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Narrow-angle glaucoma: Symptoms and treatment Print E-mail

Tuesday, 24 July 2012 00:00

Written by Vonda Sines

It sometimes takes a long time for a patient to finally get a correct diagnosis of narrow-angle glaucoma.  Many sufferers are utterly convinced – and emergency-room personnel often agree – that they’re experiencing migraine attacks. 

Narrow-angle is one of several types of glaucoma.  It also goes by the names acute glaucoma and angle closure glaucoma.  This condition requires immediate medical treatment when an attack occurs in order to preserve the patient’s sight.

Any form of glaucoma is serious.  As a matter of fact, without the correct treatment, it can lead to irreversible blindness, according to WebMD.

The cause of glaucoma is an excessive buildup of pressure within the eye.  Individuals older than 40 have an elevated risk for it, particularly if there’s a family history of the disorder.  African-Americans and those descended from Irish, Russian, Japanese and Hispanic ancestors are at higher risk than the general population is.  So are those of Inuit or Scandinavian descent. 

Taking steroids like prednisone for a prolonged period and being a diabetic are additional risk factors.  As a matter of fact, MedlinePlus tags glaucoma as the second most common cause of blindness in the United States.


The most deceptive thing about glaucoma is that most patients are unaware of any symptoms.  However, the narrow-angle variety shows itself in attack mode.  The attack occurs because of a sudden buildup of eye pressure.

Patients with narrow-angle glaucoma experience this buildup because of insufficient drainage of the eye’s aqueous humor through a natural eye drainage channel.  Often the culprit is an odd angle between the cornea and the iris that prevents this clear fluid from properly draining.

The most typical symptoms of this condition are severe pain in the eye, frequently accompanied by cloudy or decreased vision.  Some individuals report seeing halos that look like rainbows around lights.  Others experience nausea, vomiting, a sensation that the eye is swollen and an eye that appears red.  Some patients experience attacks involving both eyes.  Because many of these symptoms are similar to those of a migraine, narrow-angle glaucoma patients often have a difficult time getting the right diagnosis.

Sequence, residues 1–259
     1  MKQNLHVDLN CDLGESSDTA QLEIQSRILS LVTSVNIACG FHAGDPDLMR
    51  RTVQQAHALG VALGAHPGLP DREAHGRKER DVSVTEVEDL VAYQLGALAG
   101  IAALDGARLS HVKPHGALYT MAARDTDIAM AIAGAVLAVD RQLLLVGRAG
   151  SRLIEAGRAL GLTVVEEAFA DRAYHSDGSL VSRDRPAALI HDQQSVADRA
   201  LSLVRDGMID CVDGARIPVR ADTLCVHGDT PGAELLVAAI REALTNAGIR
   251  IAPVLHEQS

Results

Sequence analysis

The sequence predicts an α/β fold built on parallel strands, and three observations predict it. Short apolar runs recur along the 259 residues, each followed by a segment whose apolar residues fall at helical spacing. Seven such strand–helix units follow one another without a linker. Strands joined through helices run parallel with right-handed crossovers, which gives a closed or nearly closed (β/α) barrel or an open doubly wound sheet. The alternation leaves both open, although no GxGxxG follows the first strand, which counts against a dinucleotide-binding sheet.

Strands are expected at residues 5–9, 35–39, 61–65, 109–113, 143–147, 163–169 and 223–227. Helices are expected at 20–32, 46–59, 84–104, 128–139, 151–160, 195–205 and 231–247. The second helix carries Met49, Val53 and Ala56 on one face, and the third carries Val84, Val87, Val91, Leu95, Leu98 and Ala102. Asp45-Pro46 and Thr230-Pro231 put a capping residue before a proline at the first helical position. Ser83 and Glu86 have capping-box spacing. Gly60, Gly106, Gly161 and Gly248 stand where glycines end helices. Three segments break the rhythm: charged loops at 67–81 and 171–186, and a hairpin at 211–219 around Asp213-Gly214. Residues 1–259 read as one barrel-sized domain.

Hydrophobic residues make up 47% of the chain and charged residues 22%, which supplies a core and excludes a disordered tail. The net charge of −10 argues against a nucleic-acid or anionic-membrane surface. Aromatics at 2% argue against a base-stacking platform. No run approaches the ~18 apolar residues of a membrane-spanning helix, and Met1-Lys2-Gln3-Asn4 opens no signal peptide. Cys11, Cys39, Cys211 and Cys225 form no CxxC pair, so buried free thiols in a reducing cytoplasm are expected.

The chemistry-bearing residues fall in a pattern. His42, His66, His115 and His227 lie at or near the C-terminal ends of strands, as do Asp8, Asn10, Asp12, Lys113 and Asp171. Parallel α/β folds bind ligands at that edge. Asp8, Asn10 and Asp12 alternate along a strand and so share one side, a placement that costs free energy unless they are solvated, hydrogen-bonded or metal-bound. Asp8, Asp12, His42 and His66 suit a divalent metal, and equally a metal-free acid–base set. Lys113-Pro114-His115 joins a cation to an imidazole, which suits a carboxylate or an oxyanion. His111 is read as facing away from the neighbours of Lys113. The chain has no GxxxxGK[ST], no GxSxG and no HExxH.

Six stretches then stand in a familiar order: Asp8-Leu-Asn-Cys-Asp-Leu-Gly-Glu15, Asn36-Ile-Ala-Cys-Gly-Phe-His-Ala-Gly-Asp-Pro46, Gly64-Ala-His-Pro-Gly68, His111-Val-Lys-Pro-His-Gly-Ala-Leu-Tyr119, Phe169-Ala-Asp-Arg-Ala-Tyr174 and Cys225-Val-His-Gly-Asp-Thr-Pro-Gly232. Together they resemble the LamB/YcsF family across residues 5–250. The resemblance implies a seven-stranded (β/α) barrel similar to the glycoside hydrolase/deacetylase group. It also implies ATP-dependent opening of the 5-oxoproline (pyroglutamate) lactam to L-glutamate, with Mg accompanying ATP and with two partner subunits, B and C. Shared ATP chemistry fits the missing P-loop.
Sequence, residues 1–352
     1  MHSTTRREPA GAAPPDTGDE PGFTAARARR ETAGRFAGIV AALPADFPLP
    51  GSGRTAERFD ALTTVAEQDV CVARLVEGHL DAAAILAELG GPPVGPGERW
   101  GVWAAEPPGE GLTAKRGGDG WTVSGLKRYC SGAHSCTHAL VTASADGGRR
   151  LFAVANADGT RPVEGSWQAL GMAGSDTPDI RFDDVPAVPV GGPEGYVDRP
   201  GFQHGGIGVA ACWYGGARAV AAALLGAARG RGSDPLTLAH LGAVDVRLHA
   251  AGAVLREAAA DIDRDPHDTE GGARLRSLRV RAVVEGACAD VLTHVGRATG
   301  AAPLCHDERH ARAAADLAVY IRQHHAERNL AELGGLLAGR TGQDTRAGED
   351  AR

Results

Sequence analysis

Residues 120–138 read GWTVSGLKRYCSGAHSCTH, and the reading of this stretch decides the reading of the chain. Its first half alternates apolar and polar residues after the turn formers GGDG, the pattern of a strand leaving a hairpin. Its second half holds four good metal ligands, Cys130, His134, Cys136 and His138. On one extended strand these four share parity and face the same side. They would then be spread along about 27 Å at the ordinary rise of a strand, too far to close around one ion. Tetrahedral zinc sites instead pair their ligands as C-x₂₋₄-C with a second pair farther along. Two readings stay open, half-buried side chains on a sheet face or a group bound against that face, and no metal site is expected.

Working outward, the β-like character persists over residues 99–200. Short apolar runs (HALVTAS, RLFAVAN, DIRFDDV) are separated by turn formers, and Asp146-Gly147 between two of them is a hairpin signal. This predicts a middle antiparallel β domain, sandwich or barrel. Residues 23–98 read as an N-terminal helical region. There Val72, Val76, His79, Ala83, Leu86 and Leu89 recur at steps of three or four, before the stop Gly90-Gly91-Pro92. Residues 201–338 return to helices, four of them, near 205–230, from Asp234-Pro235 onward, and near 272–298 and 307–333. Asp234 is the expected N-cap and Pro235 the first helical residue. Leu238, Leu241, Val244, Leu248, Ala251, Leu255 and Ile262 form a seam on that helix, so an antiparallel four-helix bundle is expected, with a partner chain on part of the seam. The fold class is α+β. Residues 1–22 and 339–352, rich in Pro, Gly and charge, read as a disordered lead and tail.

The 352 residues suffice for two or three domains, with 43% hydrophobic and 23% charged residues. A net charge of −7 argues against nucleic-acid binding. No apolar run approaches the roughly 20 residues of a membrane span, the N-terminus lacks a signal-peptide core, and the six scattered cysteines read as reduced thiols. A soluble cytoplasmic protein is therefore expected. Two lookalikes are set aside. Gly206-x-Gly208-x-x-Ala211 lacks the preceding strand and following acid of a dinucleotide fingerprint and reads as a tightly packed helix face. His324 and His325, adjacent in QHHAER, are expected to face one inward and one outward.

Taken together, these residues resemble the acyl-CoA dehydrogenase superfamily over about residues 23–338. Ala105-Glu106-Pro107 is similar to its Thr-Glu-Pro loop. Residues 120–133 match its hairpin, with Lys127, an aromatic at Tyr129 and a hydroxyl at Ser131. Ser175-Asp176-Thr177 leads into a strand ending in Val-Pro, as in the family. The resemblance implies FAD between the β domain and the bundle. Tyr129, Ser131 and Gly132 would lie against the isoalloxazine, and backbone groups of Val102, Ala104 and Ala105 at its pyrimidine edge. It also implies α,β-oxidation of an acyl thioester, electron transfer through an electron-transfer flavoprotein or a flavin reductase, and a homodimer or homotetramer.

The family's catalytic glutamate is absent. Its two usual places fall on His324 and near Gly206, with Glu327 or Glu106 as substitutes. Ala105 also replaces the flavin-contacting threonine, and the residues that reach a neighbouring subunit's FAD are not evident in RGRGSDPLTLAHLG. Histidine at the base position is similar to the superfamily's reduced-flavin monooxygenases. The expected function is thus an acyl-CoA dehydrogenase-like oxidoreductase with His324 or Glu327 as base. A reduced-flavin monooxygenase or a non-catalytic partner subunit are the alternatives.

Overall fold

The goal of treating a narrow-angle attack is reducing the pressure in the eye affected as quickly as possible.  Onset of any of the symptoms requires immediate medical treatment.  Unlike conventional glaucoma, which destroys sight over an extended period, the narrow-angle type can result in blindness within a few days without prompt treatment.  Patients who experience an attack involving one eye are also at risk for a similar event in the other one.

Merely taking the pressure of an affected eye isn’t a sufficient exam.  This is because the eye pressure of around a quarter of all glaucoma patients generates a normal reading

Several types of treatment can counteract an attack.  They include eye drops, pills and IV medications.  When these fail to quickly lower the pressure in the affected eye, doctors resort to an iridotomy, an emergency surgery that uses a laser to construct a new channel in the eye.  This procedure relieves the buildup of pressure and should prevent more attacks.

Some patients considered high-risk for narrow-angle glaucoma choose to undergo an iridotomy before they have any attacks.  In general, if a patient suffers an attack but gets immediate and appropriate medical treatment for it, he or she has a good chance of avoiding blindness.


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